Weekly Wine Review
May 27, 2006
What are you drinking on these hot summer days? There is nothing like a cold beer and some barbequed ribs, but this summer I challenge you to do something different. When you are at Deer Valley or The Canyons, watching your favorite band, hanging out with that girl or guy that you have been trying to make a move on all winter long, surprise them with a fresh bellini made with white peach nectar. When you and your spouse are out on the Harley, take a break with a bright and fruity Sauvignon Blanc from New Zealand. And there is nothing on a hot day like popping some bubbly and a having a great piece of cheese. Here are a bunch of great solutions to beat the summer heat.
Ahhh the bellini. This great drink is the product of the Mediterranean sun beating down on Venice and the Italian people’s almost religious dedication to the afternoon drink. I urge you not to judge this classic cocktail by the processed peach juice and bland California sparkling wines that most bars in the U.S. use to make bellinis. Get some white peaches (as ripe as possible), some sugar, and a lemon. Peel the peaches and but them in the blender. Add sugar if the peaches aren’t sweet enough, add lemon juice if they aren’t tart enough. Remember, a little bit of peach juice goes a long way. Mix the peach juice with Prosecco at about a 1 to 4 ratio. The Jeio, Zardetto, and Canella Brut Prosecco are all good bets under $16.
One of my favorite summer wines is the Verecruz Verdejo. This Spanish fruit bomb explodes with passion fruit, peach, honeydew, and a crisp acidic freshness that will refresh you on the hottest of days. Coming in at just under $13 per bottle, this wine is a regular fixture at the Rovine household. Next is the Cloudy Bay Sauvignon Blanc from New Zealand. Over the last decade, New Zealand has really taken Sauvignon Blanc to a new level and the Cloudy Bay exudes all of the tropical fruit and melon I have come to expect from New Zealand’s great Sauvignon Blancs. My favorite summertime wine however, is the bright, crisp, and fruity wine of Macon-Village. Granny Smith apple, honey, and grapefruit lace these refreshing chardonnays from Burgundy. Chardonnay in Burgundy differs in style from California chardonnay in that while the California chards tend to be oaky and buttery, chard from Burgundy tends to be crisp, acidic, and fresh tasting. Both the Louis Jadot and the Verget Macon-Village are good bets at a reasonable price point.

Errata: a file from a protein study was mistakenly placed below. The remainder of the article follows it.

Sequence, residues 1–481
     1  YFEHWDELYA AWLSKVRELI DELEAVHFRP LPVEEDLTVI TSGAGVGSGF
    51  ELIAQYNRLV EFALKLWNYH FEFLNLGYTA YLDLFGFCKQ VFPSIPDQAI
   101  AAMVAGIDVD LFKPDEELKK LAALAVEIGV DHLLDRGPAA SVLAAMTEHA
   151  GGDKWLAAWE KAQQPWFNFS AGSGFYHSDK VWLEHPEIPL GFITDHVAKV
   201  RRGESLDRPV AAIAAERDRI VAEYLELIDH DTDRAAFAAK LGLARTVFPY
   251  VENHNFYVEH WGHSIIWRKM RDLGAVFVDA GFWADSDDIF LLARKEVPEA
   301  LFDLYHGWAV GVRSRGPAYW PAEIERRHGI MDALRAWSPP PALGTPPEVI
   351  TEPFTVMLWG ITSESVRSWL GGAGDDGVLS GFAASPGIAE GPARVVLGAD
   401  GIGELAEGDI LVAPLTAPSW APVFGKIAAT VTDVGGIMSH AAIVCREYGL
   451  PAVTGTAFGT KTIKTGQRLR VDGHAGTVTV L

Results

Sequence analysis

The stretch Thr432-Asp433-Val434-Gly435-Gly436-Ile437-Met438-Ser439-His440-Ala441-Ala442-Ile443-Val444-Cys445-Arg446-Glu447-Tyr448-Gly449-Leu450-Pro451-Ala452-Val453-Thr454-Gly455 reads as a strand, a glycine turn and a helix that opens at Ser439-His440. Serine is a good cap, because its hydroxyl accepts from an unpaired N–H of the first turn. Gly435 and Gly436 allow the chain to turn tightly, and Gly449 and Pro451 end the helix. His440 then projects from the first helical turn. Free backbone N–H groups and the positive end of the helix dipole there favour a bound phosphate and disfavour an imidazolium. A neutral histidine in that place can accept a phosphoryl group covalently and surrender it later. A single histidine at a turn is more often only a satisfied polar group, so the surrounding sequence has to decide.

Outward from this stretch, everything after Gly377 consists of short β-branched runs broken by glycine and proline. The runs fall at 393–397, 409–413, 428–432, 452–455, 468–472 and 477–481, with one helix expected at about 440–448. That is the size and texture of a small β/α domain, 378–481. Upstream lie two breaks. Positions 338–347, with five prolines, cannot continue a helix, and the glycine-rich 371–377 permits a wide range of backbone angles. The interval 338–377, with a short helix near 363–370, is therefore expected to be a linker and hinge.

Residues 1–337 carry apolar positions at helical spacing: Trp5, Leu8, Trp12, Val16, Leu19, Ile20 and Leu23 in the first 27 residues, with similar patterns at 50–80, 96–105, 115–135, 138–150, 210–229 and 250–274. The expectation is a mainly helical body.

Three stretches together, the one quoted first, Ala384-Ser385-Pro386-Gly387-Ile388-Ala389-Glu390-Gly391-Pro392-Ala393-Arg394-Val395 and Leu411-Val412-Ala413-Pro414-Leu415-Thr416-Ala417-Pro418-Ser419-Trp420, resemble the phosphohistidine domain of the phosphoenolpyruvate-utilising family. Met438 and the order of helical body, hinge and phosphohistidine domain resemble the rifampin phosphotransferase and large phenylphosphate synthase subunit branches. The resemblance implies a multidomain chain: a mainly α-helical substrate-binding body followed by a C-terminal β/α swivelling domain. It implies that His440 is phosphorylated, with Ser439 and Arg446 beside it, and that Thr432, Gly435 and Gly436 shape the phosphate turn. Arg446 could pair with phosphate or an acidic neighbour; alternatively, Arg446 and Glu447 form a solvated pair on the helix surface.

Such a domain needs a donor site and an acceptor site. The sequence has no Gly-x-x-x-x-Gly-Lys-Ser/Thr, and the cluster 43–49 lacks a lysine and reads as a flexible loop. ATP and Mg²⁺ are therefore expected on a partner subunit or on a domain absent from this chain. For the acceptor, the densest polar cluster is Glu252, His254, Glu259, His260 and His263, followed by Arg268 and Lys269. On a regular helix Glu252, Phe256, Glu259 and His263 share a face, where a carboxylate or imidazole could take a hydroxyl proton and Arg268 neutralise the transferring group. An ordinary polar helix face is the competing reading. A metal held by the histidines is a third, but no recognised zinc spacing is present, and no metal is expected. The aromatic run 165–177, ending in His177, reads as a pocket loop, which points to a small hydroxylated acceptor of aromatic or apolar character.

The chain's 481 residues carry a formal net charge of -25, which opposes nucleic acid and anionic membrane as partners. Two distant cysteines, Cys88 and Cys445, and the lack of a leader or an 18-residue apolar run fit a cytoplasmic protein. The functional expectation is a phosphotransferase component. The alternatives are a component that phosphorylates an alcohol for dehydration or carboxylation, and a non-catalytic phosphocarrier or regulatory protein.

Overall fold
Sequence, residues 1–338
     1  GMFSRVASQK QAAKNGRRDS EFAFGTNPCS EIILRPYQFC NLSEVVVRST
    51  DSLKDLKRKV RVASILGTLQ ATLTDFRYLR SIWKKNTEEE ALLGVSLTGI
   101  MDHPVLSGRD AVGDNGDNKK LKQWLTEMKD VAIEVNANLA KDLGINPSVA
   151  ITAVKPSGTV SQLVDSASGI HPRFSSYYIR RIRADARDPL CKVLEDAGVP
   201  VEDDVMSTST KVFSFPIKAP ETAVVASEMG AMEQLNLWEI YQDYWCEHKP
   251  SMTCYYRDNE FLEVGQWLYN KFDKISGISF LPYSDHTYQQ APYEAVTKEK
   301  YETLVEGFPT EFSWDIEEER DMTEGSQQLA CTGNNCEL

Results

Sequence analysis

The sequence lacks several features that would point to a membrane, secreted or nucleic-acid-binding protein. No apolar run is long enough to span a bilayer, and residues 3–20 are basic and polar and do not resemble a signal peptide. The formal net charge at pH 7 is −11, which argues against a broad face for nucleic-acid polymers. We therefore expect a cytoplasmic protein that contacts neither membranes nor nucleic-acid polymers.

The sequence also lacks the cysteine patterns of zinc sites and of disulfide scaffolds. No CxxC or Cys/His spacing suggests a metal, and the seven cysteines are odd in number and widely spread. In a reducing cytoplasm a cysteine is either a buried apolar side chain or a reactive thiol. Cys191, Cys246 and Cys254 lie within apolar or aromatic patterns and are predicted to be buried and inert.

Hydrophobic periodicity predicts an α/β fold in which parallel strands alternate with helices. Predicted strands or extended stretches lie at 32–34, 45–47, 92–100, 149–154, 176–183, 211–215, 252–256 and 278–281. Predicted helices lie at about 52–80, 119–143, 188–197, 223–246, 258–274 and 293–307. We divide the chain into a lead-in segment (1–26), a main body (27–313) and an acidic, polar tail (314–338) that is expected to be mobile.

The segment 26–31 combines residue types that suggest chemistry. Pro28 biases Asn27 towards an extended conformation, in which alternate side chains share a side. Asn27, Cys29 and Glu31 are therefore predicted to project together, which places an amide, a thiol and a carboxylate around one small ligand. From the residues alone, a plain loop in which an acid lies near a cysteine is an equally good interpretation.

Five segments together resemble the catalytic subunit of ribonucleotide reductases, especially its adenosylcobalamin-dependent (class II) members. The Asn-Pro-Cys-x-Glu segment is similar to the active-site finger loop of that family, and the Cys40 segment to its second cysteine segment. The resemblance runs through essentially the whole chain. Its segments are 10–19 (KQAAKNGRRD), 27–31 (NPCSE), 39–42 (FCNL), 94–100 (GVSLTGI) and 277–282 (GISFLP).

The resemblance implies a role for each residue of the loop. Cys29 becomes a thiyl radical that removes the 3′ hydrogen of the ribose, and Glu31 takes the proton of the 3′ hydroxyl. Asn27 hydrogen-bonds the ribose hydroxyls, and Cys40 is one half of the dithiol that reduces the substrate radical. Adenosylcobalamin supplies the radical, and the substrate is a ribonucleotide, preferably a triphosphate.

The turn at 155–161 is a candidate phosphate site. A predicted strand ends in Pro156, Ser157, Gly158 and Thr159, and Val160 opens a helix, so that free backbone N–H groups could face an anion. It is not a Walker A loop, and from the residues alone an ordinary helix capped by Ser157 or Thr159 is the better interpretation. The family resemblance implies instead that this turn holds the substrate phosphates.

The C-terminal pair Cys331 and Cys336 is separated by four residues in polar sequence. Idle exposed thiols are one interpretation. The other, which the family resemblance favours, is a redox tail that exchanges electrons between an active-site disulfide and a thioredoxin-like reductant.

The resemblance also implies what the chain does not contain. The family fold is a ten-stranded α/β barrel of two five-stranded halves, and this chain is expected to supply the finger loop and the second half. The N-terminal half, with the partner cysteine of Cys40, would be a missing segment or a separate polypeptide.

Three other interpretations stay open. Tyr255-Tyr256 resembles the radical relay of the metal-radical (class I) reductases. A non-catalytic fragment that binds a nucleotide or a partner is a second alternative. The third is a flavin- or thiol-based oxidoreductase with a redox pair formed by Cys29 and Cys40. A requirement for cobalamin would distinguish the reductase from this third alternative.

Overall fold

There is, of course, no better way to beat the heat than a golden, jumpy, and crisp glass of Champagne. I can not actually think of a better thing to do than sip on a glass of Taittinger Brut Rose and carve into a creamy block of Chaorse, my favorite cheese from Champagne. If you do not feel like spending $78 per bottle on the Taittinger Brut Rose, I recommend the Roederer Estate Brut sparkling wine from California. This wine is produced in both white and rose and run about $22 per bottle. This is truly one of the best brut-styled sparkling wines produced outside of Champagne. I am not asking you to give up beer, but I am asking that you give wine a try this summer. May it be sparkling, still, or fruit filled, I wish you good drinking and cheesing.
Zev Rovine is the sommelier and resident cheese monger at the Spotted Frog Bookstore Cafe and Wine Bar where he teaches weekly wine classes. His wine education comes from the American Sommelier Association in NYC and he tries his very best not to spill the Pinot on the bestseller section. If you have any wine queeries or comments he is easily contacted via e-mail at email@example.com.
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